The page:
Armed with more equity mutual funds to sell, Colonial Group Inc. is rebuilding its sales through banks.

The Boston-based fund company, historically known for its bond funds, stumbled in part because of the 1994 bond market crash but also had to contend with the "turmoil" that came with being acquired by Liberty Financial Cos. in 1995, said Stephen E. Gibson, Colonial's president.

Colonial should sell more than $750 million in mutual funds through banks this year, including its own funds and those of its new sister companies, Newport Pacific Management and Stein Roe & Farnham. Stein Roe had traditionally been a direct seller but recently created an adviser fund group that is sold through banks.

Over the last six months the company's top selling banks have doubled their sales, Mr. Gibson said. Colonial does most of its sales through 15 banks, including BankAmerica Corp., Banc One Corp., and PNC Bank Corp.

Colonial's bank sales, which now account for 25% of its volume, could grow to one-third by yearend, said Mr. Gibson. He was responsible for developing bank sales operations at Kemper and Putnam Investments before joining Colonial in 1996.

The $750 million sales mark would be a big step toward returning to the $1 billion plateau the company occupied in 1993 and would be a big jump from years like 1994, when it sold just $300 million through banks. Colonial's bank sales should get back to $1 billion by next year, Mr. Gibson said.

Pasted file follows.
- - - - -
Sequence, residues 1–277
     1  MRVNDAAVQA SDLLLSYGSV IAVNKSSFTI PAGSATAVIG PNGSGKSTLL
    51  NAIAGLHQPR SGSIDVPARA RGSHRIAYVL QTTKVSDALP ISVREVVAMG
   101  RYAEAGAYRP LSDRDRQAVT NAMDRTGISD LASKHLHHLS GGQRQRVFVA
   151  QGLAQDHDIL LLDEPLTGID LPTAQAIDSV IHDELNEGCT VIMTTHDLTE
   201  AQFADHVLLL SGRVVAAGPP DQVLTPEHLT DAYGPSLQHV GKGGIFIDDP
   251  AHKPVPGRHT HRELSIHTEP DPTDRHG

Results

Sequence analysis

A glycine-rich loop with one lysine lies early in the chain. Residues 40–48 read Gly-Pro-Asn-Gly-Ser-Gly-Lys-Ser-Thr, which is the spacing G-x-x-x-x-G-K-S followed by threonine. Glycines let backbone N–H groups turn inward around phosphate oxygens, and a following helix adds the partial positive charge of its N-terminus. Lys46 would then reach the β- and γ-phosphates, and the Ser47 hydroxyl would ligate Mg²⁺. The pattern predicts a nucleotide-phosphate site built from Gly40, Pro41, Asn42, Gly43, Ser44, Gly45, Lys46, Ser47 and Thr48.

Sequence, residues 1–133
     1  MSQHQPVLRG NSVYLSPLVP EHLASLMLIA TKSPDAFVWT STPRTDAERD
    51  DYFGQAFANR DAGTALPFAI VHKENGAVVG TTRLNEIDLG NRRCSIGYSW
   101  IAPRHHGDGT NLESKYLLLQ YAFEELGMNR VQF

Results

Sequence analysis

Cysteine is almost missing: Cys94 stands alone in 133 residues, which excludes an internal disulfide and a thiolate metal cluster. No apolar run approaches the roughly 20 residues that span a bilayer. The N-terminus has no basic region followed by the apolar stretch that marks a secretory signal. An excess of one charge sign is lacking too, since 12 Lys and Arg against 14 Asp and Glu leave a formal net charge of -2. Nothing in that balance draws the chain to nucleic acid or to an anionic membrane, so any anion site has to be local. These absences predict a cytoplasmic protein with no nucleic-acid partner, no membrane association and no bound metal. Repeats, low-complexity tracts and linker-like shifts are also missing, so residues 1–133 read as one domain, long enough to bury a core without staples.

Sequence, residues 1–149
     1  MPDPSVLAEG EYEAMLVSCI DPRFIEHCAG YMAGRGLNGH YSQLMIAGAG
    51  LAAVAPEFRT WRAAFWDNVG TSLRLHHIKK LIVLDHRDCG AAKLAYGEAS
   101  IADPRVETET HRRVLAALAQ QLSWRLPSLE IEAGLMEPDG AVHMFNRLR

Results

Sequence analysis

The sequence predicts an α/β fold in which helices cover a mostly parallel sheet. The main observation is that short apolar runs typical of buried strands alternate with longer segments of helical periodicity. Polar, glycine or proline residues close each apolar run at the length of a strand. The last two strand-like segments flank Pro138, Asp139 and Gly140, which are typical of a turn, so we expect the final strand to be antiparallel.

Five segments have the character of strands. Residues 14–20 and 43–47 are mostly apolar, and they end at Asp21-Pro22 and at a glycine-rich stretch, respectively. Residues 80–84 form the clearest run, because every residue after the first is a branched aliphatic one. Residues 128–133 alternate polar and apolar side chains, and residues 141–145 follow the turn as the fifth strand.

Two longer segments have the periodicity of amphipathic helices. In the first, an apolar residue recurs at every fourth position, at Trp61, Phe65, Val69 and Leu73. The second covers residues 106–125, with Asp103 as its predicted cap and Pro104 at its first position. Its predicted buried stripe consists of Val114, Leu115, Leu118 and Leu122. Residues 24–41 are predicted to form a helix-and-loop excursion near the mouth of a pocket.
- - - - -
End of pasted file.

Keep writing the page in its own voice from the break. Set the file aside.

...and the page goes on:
The improvement can be traced to several factors. Liberty Financial's 1995 acquisition of Newport, an investment management firm specializing in Asian equity markets, gave Colonial more equity funds to sell at a time when the market momentum had shifted to equities and away from bonds.

And the Stein Roe Advisor Funds have given Colonial clients a value- investing option for the first time.

Meanwhile, sales of Colonial's own growth-oriented equity funds have been spurred by improved performance and aggressive marketing by the company, Mr. Gibson said.

Thanks to the wider selection of equity funds, bank sales now run at a 70% ratio for equity funds and 30% for fixed-income funds, the reverse of the ratio five years ago.

Industry experts credit bank distribution chief Louis Tasiopoulos with helping engineer the improvement. Mr. Tasiopoulos, who joined Colonial in February 1997, is the former head of bank sales for Putnam Investments, the largest seller of funds through banks.

"Liberty has enabled them to broaden their line of investments to the point where they're certainly a broad and credible investment provider," said Mike Mortensen, president of PNC Brokerage Corp., Pittsburgh. "They've gone out and hired some good talent. I think they are going in the right direction."

And Liberty's purchase of Independent Financial Marketing Group in 1995 has given Colonial additional distribution. The huge third-party marketing firm should sell $4 billion worth of investment products through banks this year, Mr. Gibson said.

Colonial is also rebuilding its own wholesaler corps, which numbered 10 in the past but fell as low as four in 1994 as the company shifted its emphasis to brokerage sales. It now has eight wholesalers and is looking to hire two more.

Additional sales of Colonial funds through banks come via Keyport Life Insurance Co., another Liberty Financial company, which uses Colonial funds in its annuities.

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